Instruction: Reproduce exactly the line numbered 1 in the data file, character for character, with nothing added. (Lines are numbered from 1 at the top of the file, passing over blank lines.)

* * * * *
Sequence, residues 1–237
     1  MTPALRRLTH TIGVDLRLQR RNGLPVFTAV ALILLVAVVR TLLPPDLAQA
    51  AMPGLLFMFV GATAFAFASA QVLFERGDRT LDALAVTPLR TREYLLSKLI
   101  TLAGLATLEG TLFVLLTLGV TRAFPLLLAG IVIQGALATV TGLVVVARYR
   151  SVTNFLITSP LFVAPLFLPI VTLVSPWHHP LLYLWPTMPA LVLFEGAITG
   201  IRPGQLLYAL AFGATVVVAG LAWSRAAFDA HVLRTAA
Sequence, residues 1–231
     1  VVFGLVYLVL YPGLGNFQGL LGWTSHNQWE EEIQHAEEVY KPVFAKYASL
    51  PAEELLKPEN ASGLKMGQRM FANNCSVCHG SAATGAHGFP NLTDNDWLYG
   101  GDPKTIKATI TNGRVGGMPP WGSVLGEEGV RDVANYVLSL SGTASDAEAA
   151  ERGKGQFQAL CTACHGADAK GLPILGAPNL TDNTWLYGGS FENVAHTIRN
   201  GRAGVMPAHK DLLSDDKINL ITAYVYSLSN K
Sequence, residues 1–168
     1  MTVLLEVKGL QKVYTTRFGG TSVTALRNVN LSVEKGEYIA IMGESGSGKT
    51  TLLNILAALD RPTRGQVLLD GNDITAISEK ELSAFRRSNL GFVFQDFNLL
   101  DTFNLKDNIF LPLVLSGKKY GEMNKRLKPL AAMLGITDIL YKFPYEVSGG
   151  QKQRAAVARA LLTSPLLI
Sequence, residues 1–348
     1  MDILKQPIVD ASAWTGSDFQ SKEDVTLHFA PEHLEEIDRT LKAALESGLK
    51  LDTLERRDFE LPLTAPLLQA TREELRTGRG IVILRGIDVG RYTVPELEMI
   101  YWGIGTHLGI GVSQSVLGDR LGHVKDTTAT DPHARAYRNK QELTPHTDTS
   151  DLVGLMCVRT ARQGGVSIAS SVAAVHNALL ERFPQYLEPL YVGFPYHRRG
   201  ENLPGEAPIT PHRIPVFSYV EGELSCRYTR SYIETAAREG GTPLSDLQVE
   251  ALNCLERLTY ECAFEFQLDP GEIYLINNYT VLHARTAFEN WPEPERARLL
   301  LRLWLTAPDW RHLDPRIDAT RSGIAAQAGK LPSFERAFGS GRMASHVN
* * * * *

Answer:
Sequence, residues 1–237